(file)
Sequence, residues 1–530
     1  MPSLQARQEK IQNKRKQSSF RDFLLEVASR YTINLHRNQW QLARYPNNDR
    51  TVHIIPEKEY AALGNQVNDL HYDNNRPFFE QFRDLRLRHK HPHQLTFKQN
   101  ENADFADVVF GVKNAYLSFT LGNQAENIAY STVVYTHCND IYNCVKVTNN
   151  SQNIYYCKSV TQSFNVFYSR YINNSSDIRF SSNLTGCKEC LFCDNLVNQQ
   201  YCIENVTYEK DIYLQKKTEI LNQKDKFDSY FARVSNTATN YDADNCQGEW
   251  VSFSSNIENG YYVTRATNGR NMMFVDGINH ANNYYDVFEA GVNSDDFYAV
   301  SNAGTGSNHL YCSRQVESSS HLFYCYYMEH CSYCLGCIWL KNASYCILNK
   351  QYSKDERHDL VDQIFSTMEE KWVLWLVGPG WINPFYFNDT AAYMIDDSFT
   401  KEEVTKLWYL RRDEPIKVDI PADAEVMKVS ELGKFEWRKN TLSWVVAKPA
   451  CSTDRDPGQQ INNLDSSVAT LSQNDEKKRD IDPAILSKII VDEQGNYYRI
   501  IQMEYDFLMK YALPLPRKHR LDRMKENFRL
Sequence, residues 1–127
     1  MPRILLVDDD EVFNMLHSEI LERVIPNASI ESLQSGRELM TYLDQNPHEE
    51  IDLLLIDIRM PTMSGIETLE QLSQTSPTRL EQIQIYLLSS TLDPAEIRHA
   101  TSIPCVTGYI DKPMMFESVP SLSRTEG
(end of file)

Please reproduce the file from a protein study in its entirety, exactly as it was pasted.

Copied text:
Sequence, residues 1–530
     1  MPSLQARQEK IQNKRKQSSF RDFLLEVASR YTINLHRNQW QLARYPNNDR
    51  TVHIIPEKEY AALGNQVNDL HYDNNRPFFE QFRDLRLRHK HPHQLTFKQN
   101  ENADFADVVF GVKNAYLSFT LGNQAENIAY STVVYTHCND IYNCVKVTNN
   151  SQNIYYCKSV TQSFNVFYSR YINNSSDIRF SSNLTGCKEC LFCDNLVNQQ
   201  YCIENVTYEK DIYLQKKTEI LNQKDKFDSY FARVSNTATN YDADNCQGEW
   251  VSFSSNIENG YYVTRATNGR NMMFVDGINH ANNYYDVFEA GVNSDDFYAV
   301  SNAGTGSNHL YCSRQVESSS HLFYCYYMEH CSYCLGCIWL KNASYCILNK
   351  QYSKDERHDL VDQIFSTMEE KWVLWLVGPG WINPFYFNDT AAYMIDDSFT
   401  KEEVTKLWYL RRDEPIKVDI PADAEVMKVS ELGKFEWRKN TLSWVVAKPA
   451  CSTDRDPGQQ INNLDSSVAT LSQNDEKKRD IDPAILSKII VDEQGNYYRI
   501  IQMEYDFLMK YALPLPRKHR LDRMKENFRL
Sequence, residues 1–127
     1  MPRILLVDDD EVFNMLHSEI LERVIPNASI ESLQSGRELM TYLDQNPHEE
    51  IDLLLIDIRM PTMSGIETLE QLSQTSPTRL EQIQIYLLSS TLDPAEIRHA
   101  TSIPCVTGYI DKPMMFESVP SLSRTEG